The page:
We could call it the South African Free Trade League (SAFTeL). Its main objective would be to use the power of free trade and commerce to address the many challenges facing South Africa in a non-political way. SAFTeL would have a decentralised, project-based management structure with a small but well-paid executive. 

SAFTeL will give South African businessmen (and citizens) an opportunity to redeem themselves after years of shameful inactivity. It will not be just another business association,  all talk and no action. Rob Herzov’s could provide a useful template.

Initially, SAFTeL would offer management expertise to failing municipalities,  SOE’s and parastatals. It could provide protection and the rule of  law to many mafia-threatened industries. It could privatise the failing services that government at all levels is too incompetent to provide. It could resist the power of unions and special interests. It would protect its members from the depredations of their own government.

South Africa is at the mercy of mafias and cabals. The aim is for SAFTeL to become a bigger and scarier operation than any of the opposing cabals, while remaining within the rule of law.

Fundamental principles 

All members of the league will commit themselves to the following fundamental principles:

  1. Respect all inhabitants equally, regardless of colour, creed, origin, gender.

  2. No one may act against an innocent person or their property without their consent.

  3. Everyone has the right to own and trade justly acquired property

  4. Everyone has a right to be judged by a jury of their peers.

In time SAFTeL would produce a more detailed charter describing its objectives and rules of conduct.

What next? 

  1. Establish a new company called The South African Free Trade League, or SAFTeL.

  2. Produce a charter containing goals, principles, and rules.

  3. Develop facilities (website, DAO platform, treasury)

  4. Develop services (security, legal, arbitration,  trading, banking)

  5. Recruit members.

  6. Recruit clients

  7. Begin trading

Manage failing municipalities

Like the Hanseatic League, SAFTeL could focus on recruiting the residents of failing municipalities. In 2021, 43 of our more than 200 municipalities were ranked as “dysfunctional”, and 111 were “at risk”. While a national disgrace, this does present an interesting business opportunity. 

Managing basic services is not rocket science. Farmers and mines do it with barely a second thought. Privatisation of services is the key.

SAFTeL could 

  • recruit a few engineers and administrators,

  • bypass the failed municipal bureaucracies, 

  • offer services directly to residents for a fee,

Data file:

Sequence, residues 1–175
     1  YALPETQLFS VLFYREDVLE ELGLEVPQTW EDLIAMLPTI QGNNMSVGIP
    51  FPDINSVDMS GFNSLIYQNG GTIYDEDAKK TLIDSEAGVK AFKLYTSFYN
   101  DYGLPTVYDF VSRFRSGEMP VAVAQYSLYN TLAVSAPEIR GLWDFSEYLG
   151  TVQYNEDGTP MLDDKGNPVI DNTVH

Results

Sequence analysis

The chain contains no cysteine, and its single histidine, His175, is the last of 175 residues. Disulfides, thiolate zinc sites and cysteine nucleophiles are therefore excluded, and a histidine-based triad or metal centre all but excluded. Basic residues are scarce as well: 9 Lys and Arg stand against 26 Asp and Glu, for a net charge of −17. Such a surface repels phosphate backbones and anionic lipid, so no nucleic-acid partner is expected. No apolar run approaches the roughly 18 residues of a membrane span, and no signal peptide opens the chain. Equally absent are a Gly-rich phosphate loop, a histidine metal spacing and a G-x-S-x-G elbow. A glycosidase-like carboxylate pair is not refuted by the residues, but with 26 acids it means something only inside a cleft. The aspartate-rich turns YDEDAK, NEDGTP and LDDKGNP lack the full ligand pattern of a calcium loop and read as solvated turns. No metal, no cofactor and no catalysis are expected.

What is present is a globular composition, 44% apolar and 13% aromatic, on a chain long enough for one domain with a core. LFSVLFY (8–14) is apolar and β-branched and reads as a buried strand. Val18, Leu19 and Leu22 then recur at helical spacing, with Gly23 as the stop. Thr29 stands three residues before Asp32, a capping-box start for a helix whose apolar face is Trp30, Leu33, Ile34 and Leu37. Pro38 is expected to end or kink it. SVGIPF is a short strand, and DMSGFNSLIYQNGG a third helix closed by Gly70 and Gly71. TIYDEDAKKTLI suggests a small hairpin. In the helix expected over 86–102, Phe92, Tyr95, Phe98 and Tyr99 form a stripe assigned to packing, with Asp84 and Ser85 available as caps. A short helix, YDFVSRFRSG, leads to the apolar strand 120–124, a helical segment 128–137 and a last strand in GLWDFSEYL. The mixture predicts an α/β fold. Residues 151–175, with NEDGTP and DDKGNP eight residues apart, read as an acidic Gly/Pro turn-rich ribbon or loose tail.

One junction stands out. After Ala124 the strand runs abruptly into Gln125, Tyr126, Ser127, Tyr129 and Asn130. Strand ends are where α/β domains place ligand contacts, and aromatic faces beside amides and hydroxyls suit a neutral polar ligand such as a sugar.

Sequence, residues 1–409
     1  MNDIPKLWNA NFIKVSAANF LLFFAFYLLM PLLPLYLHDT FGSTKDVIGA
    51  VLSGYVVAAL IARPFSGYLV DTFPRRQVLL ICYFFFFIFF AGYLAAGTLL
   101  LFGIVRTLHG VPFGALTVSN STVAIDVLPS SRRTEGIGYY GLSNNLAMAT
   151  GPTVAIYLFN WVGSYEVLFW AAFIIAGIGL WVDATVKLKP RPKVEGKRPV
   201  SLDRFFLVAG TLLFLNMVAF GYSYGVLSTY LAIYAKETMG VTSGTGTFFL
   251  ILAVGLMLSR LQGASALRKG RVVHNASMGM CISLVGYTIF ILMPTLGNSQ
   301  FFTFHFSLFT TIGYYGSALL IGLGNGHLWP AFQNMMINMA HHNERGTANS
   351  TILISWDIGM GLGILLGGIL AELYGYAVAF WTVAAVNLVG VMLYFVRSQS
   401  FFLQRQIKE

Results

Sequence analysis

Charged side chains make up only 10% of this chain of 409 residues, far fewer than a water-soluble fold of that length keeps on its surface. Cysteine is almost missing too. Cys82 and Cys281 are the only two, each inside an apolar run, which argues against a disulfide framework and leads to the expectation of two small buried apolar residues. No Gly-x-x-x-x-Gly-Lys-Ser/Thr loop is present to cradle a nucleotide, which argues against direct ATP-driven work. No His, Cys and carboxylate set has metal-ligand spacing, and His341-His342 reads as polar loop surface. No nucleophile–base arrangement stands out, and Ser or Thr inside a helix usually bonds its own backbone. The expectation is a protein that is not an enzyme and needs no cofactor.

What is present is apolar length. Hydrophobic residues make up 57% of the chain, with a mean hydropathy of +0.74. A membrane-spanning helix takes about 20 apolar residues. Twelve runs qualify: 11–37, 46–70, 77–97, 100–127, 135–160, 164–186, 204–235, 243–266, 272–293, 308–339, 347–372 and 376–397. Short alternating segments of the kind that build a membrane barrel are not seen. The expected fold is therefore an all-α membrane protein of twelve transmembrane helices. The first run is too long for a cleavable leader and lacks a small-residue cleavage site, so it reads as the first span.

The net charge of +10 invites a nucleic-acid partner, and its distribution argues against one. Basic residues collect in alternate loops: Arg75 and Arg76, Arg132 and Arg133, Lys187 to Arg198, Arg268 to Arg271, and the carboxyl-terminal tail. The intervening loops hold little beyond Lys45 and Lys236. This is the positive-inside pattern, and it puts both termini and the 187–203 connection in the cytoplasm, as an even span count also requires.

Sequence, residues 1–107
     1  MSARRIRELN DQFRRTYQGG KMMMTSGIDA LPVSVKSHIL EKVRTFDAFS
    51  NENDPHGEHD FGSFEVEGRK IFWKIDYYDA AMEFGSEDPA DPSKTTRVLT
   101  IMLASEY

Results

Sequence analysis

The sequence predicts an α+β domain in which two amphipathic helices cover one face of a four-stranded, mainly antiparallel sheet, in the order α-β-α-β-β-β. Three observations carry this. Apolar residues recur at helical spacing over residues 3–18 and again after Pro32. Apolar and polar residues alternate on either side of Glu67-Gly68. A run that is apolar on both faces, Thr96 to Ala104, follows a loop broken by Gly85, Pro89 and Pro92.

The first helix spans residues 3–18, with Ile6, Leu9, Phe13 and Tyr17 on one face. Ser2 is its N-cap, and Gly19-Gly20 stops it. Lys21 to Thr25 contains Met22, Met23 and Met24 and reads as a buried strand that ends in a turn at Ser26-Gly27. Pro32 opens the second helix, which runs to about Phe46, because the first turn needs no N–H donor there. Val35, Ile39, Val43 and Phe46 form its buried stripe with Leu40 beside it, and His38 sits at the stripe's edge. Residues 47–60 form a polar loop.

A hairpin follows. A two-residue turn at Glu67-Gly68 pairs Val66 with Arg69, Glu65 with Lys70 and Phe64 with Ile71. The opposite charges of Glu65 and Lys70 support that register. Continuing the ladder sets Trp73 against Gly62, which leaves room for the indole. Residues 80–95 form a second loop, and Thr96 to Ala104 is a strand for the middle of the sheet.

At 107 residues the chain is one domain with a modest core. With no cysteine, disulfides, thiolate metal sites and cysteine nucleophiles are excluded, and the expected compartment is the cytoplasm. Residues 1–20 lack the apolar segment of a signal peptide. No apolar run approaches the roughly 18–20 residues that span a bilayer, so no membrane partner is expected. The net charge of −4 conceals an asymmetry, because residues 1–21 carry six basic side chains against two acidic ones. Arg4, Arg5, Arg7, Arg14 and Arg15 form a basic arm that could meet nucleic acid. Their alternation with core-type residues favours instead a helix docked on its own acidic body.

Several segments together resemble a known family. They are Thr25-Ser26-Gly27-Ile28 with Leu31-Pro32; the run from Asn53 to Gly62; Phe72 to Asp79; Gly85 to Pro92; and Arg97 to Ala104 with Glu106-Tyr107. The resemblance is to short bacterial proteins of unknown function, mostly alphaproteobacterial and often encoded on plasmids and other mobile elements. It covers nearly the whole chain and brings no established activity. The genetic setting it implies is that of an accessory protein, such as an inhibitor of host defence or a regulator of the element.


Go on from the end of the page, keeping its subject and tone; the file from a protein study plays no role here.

• provide legal and arbitration support for freezing rates payments

  • provide protection services to deal with any pesky protests

  • Manage tenders from new or existing service providers

In this manner SAFTeL  would assemble a portfolio of towns across the country to rival any political party, completely outside the deeply compromised political process, and probably get a reasonable return on investment in time. It would be a purely commercial operation, non-political, non-racial, legal and constitutional. It might even compete with well-run municipalities on a price basis.

In this fashion many towns and districts could become effectively independent without allegiance to any political party or movement. They would not have to adopt the one-size-fits-all approach advocated by the political parties and secession movements.The SAFTeL charter would provide support for businesses, reduced regulation, protection, while respecting local community interests and traditions. This is how it worked for 400 years in the Hanseatic League.

Other possibilities

If  SAFTeL is successful, it could consider taking on other failed government projects. 

For example, the Airports Company of South Africa (ACSA) does a poor job of managing this vital airport infrastructure. SAFTeL could spin off a company to buy these airports from ACSA and make money by doing a better job. 

Public rail (PRASA) and the ports (PORTNET) are similar failed enterprises that might benefit from management by more commercial interests.


Many people seem to think that the same people who caused South Africa’s problems, namely politicians, are the only ones who can fix these problems. This article describes how business and commercial interests could do a far better job, much as they did in Europe for 400 years. 

Economic freedom is the key to our future.


Works Cited

“Hanseatic League.” Wikipedia, Accessed 2 November 2022.

Simpson, Storm. “Ranked: These are the 43 worst municipalities in South Africa.” South African, 26 October 2021, Accessed 2 November 2022.

William Blake - the first libertarian

  By Colin Bower If South Africans are familiar with the name of the 18 th Century British poet and mystic, William Blake (1757 – 1827) , i...